Published on 16 March 2021
Looking for balance in Dutch rural areas
The natural system in rural areas in the Netherlands is out of balance. We have reached the limits of this system and are experiencing a decline in biodiversity as well as summer water shortages, crop failures, polluted water resources, and flooding in times of heavy precipitation. We cannot keep stretching ecological frameworks for short-term economic gain, and that means the search is on for a way to revive the natural balance in Dutch rural areas.
The approach of Witteveen+Bos’s Rural Areas group takes the natural system as its starting point. This system consists of abiotic (i.e. water, soil) and biotic (i.e. organic, ecological) elements. By first looking at the relationship between these elements, we identify what it is that disrupts the natural balance. Such an approach offers a focused, action-oriented perspective on restoring that balance. From this starting point, we subsequently make predictions on how an area will naturally develop.
All human interventions which disrupt natural processes ultimately cost energy (and time and money). Suppose, for example, that an area suffers from recurring water shortages (drought). In that case, the problem can be solved by pumping water from elsewhere (energy, time and money). However, the cause has not been addressed: the natural balance remains disrupted, and the costs will continue to increase over time. In this situation, it would be better to look at:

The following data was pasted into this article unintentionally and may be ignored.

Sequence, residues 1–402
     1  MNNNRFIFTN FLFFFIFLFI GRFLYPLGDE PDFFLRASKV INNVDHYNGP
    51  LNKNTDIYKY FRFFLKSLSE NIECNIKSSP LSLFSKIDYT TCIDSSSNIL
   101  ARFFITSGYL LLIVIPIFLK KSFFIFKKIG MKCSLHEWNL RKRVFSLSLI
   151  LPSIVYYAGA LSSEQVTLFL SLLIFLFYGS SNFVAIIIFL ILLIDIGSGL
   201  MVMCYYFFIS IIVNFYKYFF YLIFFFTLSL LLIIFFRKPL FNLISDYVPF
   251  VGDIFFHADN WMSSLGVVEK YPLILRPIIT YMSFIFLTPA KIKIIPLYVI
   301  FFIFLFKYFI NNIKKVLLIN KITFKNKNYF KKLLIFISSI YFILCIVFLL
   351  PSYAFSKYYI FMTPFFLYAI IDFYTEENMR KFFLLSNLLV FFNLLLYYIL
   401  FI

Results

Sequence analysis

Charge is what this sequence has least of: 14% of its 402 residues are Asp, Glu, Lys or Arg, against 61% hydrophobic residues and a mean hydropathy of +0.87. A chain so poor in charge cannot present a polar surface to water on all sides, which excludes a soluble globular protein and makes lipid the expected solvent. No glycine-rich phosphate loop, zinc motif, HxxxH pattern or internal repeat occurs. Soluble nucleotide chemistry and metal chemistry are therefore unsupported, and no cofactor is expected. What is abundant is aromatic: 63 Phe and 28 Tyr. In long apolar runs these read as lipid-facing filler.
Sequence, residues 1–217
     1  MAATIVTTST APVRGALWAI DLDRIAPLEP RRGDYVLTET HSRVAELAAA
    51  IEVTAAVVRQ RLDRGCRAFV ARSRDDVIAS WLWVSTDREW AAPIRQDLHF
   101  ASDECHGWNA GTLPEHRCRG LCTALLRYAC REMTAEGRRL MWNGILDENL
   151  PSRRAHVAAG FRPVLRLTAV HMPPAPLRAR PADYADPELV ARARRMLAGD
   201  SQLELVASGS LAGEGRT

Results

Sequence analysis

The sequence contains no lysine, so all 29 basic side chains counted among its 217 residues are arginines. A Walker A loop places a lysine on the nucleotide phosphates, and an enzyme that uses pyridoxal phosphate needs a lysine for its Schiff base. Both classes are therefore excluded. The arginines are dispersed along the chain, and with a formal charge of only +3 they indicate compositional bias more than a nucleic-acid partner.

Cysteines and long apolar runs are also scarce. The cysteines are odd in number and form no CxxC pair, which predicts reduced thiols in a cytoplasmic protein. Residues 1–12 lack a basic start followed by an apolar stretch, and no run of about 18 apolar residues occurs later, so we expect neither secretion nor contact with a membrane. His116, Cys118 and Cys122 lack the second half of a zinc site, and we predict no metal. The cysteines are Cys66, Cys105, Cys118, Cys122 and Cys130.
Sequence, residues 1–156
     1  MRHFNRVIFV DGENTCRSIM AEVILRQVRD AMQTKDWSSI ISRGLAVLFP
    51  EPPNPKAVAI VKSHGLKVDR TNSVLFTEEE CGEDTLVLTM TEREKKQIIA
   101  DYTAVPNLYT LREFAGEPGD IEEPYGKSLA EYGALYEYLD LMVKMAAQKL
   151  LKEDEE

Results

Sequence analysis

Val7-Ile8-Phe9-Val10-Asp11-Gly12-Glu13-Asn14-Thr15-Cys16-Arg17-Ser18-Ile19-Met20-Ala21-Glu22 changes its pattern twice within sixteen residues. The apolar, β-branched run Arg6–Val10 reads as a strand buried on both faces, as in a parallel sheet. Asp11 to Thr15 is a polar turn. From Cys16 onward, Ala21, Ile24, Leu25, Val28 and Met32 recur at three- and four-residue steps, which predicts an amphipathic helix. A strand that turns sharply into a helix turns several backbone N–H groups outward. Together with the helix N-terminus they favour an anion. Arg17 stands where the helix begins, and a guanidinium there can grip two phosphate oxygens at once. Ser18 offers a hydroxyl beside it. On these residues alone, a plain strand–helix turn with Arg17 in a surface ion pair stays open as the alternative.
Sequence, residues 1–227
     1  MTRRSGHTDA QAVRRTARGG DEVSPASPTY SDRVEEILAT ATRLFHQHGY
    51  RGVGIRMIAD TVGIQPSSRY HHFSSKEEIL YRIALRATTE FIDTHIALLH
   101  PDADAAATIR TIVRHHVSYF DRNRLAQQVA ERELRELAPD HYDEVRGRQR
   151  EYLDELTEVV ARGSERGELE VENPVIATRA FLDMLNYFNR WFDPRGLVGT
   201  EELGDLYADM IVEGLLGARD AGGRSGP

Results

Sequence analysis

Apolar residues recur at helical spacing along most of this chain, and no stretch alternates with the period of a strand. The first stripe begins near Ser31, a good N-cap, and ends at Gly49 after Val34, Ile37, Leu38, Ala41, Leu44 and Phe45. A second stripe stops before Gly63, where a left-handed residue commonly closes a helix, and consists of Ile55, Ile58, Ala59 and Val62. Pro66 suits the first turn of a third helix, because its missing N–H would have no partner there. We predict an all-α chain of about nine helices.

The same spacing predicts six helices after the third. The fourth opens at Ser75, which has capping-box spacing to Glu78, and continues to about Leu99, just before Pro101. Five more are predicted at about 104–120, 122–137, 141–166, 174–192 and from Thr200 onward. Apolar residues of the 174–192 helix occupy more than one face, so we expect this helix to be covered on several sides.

- Water flows (Where does the water come from? Where does it flow to?)
- Soil vitality (What is the organic matter component of the soil? What is required for these soil types to retain water?)
- The ecosystem (Which plants grow here? Are they suited to the soil and water system?).
Finding a balance between these factors would offer sustainable, long-term solutions against water shortages and flooding. It would also help manage the problems of subsidence, CO2 and nitrogen release, the decline in (meadow) bird and other protected animal species populations, and crop failures. By weighing up, in advance, human interventions (such as pumping in water) against ‘restoring’ the natural system, this system is given a greater chance of survival.
Area-oriented system approach
A balanced natural basis has many advantages: by restoring and strengthening the natural system, for example, we can ensure that soil retains more water, store CO2, increase biodiversity, replenish drinking water supplies, increase water safety, produce food, and so on. Also, if the balance in the natural system continues to be disrupted, the area will become less attractive and profitable. Our approach, therefore, facilitates a change of perspective for current functions and the use of rural areas for more sustainable and climate-robust solutions. With regard to many challenges, an impasse has been reached; an area-oriented systems approach offers hope for solutions.
A systems approach also requires contributions from governmental organisations and their representatives. This could include a focused narrative of the sustainable design of rural areas, cross-sectoral and integrated partnerships that bring together financing, and administrators’ support to facilitate this. The new Environment and Planning Act (Omgevingswet) in the Netherlands, new nitrogen regulations, and continuing drought problems offer opportunities to act on this.
Photo credits: Renee Snoek